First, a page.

[BLOG] Seven questions to ask when looking at the EU's new AI regulation tomorrow
Tomorrow, the Commission will publish its long-awaited artificial intelligence regulation. DIGITALEUROPE’s Director-General Cecilia Bonefeld-Dahl presents here the 7 key points to look at when the final regulation drops.
By Cecilia Bonefeld-Dahl, Director-General, DIGITALEUROPE
Tomorrow’s AI regulation proposal is a pivotal moment for Europe’s Digital Decade. Here are the seven questions we should be asking ourselves when looking through the document:
1. What is high risk?
All indications so far are that the Commission will follow a risk-based approach. This is good, as we don’t want to duplicate many of the strong protections that already exist in sector-specific legislation. But this makes the definition of what is high-risk especially important. We need to be as precise as possible.
2. Have we learned our lessons from GDPR?
Remember the lessons of the implementation of GDPR. Compliance costs were huge, and implementation was bumpy. Especially for SMEs/start-ups, revising your entire workflow for GDPR compliance was a big challenge. New AI legislation should not introduce new and unfamiliar regulatory hurdles to all those AI-developing companies, at least not without proper training, guidance, sufficient implementation time. We also need to make sure that unlike GDPR, all Member States implement in the same way – if they don’t, then we will kill European AI innovation.
3. Is software included?
And if so, does it have special rules to reflect its specific needs? This is important because conformity assessments as part of the EU’s current market access regime are aimed at physical products. They take time, involve a lot of administrative work and expertise built over decades of experience within companies. Introducing and expanding this to software as is could create a tremendous bottleneck, which is not suitable for a world where flexibility and speed are king. For examples, companies may need to create quick software updates or patches to fix a cybersecurity flaw. They cannot be waiting weeks for such updates to be assessed and approved. In addition, most software companies working on AI are SMEs with no experience of conformity assessments, unlike makers of hardware. The situation is a bit like Brexit, where bigger companies were able to adapt to new rules whereas smaller companies have suffered because of the extra red tape.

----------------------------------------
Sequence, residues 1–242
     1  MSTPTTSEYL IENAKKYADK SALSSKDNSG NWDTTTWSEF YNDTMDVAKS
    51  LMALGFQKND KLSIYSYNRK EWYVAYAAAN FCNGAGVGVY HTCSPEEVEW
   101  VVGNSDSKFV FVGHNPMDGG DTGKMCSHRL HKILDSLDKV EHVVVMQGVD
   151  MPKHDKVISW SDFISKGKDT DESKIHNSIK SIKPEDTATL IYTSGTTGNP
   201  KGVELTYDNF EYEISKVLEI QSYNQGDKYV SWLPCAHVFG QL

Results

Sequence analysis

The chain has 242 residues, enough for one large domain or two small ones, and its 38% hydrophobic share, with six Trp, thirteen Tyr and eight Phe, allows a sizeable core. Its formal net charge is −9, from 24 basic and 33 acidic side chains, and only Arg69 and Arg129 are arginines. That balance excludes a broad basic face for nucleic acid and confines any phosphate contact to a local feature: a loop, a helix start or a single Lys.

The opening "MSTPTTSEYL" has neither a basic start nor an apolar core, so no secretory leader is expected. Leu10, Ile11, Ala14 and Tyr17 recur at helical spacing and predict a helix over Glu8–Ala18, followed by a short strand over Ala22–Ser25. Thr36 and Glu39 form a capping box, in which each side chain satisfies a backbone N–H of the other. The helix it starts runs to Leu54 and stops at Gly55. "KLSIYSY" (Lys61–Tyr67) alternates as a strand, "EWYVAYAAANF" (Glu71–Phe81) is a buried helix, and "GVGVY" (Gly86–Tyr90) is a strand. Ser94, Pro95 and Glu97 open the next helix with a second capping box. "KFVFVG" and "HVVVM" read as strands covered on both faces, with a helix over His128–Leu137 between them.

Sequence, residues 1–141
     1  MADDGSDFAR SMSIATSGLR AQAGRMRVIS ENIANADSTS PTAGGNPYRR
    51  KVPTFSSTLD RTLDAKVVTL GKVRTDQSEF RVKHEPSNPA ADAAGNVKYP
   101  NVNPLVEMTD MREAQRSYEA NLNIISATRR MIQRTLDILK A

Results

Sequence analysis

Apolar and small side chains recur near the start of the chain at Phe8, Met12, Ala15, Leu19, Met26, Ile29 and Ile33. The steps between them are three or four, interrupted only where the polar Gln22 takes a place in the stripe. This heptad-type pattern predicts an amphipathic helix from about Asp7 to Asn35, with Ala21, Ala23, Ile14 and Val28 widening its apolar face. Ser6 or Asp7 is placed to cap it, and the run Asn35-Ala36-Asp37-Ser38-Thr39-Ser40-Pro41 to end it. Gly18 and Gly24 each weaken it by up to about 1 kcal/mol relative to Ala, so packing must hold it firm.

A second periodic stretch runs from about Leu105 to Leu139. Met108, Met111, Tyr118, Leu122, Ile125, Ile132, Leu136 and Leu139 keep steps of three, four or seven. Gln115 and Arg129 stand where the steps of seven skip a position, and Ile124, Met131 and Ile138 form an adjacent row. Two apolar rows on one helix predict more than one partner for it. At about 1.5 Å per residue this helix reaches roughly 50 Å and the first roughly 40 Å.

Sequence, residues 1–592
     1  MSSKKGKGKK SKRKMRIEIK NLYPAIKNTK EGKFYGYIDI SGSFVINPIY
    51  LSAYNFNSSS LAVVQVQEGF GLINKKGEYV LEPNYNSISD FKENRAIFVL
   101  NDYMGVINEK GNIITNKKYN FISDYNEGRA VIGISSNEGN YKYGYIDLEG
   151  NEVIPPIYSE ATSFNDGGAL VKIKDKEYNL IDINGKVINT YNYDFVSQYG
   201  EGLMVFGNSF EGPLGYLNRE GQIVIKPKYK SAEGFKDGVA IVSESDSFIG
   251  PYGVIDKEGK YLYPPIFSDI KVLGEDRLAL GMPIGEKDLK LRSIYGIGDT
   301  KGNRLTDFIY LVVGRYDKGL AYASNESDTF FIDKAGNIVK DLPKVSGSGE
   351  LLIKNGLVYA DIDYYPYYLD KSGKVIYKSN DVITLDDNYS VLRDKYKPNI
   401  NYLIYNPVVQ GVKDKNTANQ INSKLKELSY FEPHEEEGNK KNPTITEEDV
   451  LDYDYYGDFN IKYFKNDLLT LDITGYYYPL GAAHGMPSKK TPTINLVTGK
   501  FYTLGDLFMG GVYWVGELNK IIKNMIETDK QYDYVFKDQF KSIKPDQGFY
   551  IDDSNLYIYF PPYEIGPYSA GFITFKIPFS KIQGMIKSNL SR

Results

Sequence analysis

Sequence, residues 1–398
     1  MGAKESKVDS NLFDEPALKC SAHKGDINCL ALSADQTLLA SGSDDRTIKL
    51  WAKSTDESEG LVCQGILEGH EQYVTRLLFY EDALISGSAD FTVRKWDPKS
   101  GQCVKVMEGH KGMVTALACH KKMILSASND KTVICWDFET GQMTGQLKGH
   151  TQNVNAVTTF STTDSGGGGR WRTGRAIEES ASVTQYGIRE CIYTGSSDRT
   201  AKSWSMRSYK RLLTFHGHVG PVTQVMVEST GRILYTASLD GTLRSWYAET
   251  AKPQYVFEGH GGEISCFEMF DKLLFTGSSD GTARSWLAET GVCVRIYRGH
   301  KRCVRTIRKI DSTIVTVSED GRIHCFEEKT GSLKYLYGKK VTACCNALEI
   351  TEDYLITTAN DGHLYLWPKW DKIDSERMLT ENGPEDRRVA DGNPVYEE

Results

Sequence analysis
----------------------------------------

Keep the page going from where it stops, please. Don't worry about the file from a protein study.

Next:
4. Do SMEs have special rules to support them?
Some of this continent’s brightest innovators are working in small companies. For example, Europe has a growing hub of health scale-ups working with AI (see our Future Unicorn Award winners Corti and Oncompass). We need to support those smaller players working in areas deemed high risk with simpler rules, longer adaptation times and financial support.
5. Is innovation possible?
Even in high-risk areas, we want to make sure we are not shutting down innovation with a number of regulatory hoops. Here, the legislation should set out requirements that are clear and flexible, and we should focus on industry-driven standards. This is because AI standards are a work in progress, and it’s not always possible to update these fast enough to keep up with the latest developments – for example, research into reducing bias in datasets. Companies should have the opportunity to experiment and innovate with different and alternative solutions in a fast and agile manner, which is why sandboxing is so important.
6. Is sandboxing just a buzzword?
We need to have real possibilities for companies to test ideas in realistic settings. This should include limited liability and concrete guarantees for companies. Sandboxes should be an effective, though indeed limited, step outside of the burdensome market access regime, to test and try out innovative new AI solutions.
And the million euro question…
7. If you had €1 million to invest in an AI start-up, and after seeing this regulation, would you invest in Europe?